Japan Geoscience Union Meeting 2015

Presentation information

International Session (Oral)

Symbol P (Space and Planetary Sciences) » P-EM Solar-Terrestrial Sciences, Space Electromagnetism & Space Environment

[P-EM09] Dynamics in magnetosphere and ionosphere

Thu. May 28, 2015 9:00 AM - 10:45 AM 302 (3F)

Convener:*Shin'ya Nakano(The Institute of Statistical Mathematics), Yoshizumi Miyoshi(Solar-Terrestrial Environement Laboratory, Nagoya University), Hiroshi Hasegawa(Institute of Space and Astronautical Science, Japan Aerospace Exploration Agency), Yoshimasa Tanaka(National Institute of Polar Research), Tomoaki Hori(Nagoya University Solar Terrestrial Environment Laboratory Geospace Research Center), Chair:Hiroshi Hasegawa(Institute of Space and Astronautical Science, Japan Aerospace Exploration Agency)

10:30 AM - 10:45 AM

[PEM09-21] Tailward leap of magnetic reconnection: A THEMIS case study

*Akimasa IEDA1, Yukinaga MIYASHITA1, Shinobu MACHIDA1 (1.STEL, Nagoya University)

Keywords:magnetotail, magnetic reconnection, substorm, auroral breakup

A multiple-onset substorm is studied using observations of aurora and the magnetotail. Four successive auroral brightenings were identified in all-sky images roughly every 10 minutes starting at 0219 UT on 27 March 2009. The first brightening was ''initial brightening" while other brightenings were auroral breakups. Corresponding reconnection signatures are studied using THEMIS satellites observations betwee 8 and 24 Re down the tail. At the time of the initial brightening, no fast plasma flows were observed by THEMIS satellites. It is thus unclear whether reconnection is involved in the initial brightening from a classical point of view. An auroral breakup occurred 6 min later and was accompanied by a tailward fast flow observed THEMIS-1 satellite at 24 Re down the magnetotail. This breakup is thus associated with reconnection in the tail as previously reported.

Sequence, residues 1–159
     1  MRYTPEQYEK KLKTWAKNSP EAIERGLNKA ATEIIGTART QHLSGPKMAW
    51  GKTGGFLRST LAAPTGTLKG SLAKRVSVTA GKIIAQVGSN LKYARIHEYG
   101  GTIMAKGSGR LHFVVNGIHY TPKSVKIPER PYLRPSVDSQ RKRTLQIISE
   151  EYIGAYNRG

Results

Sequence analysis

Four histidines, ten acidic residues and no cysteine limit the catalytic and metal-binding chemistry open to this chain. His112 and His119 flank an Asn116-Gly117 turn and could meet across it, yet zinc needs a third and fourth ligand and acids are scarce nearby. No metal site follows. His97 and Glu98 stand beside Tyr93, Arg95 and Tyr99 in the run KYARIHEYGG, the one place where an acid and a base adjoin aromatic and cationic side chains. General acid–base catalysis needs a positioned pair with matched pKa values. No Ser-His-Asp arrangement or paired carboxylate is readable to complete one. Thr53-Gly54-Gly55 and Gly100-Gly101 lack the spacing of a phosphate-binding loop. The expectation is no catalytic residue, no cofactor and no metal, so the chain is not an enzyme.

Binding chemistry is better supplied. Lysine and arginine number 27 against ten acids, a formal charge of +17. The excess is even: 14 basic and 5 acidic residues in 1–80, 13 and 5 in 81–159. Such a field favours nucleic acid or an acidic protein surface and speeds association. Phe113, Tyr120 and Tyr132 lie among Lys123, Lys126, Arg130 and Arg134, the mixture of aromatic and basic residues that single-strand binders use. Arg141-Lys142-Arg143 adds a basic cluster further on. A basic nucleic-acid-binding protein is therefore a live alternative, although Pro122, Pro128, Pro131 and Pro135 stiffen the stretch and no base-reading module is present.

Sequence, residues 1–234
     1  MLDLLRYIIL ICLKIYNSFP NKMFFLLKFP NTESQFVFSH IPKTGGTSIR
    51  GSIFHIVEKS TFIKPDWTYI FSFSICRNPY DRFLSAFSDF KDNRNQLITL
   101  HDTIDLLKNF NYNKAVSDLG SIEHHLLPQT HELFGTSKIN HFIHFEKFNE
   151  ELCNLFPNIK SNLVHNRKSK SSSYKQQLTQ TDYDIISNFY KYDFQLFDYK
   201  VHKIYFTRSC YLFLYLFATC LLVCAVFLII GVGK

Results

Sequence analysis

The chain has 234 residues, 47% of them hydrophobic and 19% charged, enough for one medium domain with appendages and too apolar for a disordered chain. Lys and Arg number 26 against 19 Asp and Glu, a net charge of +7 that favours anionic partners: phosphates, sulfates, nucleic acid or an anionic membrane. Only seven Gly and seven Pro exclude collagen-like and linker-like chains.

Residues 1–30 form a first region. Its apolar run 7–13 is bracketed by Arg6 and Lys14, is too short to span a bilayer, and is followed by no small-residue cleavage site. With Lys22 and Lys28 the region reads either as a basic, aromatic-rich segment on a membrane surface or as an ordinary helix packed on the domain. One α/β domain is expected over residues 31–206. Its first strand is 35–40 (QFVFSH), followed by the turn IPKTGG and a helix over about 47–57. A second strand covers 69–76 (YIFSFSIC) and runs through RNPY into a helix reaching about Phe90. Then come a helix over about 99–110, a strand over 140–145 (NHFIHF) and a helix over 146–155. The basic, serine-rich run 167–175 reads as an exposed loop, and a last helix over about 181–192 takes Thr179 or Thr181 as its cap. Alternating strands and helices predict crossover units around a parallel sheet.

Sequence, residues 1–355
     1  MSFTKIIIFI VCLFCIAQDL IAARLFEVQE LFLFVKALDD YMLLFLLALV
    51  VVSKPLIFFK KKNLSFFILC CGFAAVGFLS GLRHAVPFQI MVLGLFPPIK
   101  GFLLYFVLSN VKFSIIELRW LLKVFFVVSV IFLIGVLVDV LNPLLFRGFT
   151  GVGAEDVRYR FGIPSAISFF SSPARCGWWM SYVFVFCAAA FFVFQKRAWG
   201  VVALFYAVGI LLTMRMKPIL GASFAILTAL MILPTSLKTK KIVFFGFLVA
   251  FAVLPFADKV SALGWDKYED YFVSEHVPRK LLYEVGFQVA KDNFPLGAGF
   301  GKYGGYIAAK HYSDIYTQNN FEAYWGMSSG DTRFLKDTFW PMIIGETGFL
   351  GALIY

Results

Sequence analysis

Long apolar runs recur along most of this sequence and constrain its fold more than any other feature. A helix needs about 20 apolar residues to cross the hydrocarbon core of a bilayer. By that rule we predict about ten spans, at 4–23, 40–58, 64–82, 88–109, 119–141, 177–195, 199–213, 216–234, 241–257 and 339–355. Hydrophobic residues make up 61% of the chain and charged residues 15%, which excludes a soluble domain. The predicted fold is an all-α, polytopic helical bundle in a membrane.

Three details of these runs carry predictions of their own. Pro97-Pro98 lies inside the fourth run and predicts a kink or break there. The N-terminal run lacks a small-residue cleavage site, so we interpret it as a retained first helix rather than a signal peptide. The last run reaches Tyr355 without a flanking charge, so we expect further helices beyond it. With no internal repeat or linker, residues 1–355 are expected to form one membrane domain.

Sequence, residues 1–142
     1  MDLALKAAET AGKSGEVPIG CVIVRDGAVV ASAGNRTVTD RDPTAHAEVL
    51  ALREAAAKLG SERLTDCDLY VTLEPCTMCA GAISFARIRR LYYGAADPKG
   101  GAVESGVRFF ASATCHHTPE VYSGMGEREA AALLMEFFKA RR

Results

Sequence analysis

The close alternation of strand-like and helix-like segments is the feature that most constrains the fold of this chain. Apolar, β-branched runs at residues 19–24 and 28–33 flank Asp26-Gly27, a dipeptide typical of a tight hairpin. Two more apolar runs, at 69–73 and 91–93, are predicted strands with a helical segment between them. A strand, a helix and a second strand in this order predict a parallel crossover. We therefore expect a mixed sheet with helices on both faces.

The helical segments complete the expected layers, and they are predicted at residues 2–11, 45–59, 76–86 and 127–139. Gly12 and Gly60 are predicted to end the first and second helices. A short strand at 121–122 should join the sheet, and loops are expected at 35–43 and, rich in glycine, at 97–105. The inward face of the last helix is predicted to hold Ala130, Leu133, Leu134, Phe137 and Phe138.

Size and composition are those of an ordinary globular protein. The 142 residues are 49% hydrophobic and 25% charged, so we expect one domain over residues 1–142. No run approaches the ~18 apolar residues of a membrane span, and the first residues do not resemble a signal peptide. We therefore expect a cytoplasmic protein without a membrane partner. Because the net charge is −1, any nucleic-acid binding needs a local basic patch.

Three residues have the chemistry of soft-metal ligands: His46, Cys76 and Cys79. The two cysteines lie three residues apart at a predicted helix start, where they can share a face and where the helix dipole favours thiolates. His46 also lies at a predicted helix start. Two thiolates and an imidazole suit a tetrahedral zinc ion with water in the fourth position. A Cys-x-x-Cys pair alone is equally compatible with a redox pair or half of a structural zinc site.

Another auroral breakup occurred 12 min further later at a latitude higher than the previous breakup. At the same time a change of the flow direction from tailward flow to earthward flow was observed by the THEMIS-1 satellite. This flow reversal is often interpreted as the tailward retreat of a single magnetic reconnection site. However, another THEMIS satellite located 5 Re earthward from THEMIS-1 observed the earthward flow 1 min later. Thus, the observed sequence rather corresponds to a tailward leap of the reconnection site. We suggest that the poleward leap of auroral breakup is associated with the tailward leap of reconnection site as a consequence of the magnetic flux pileup in the dipolarization region.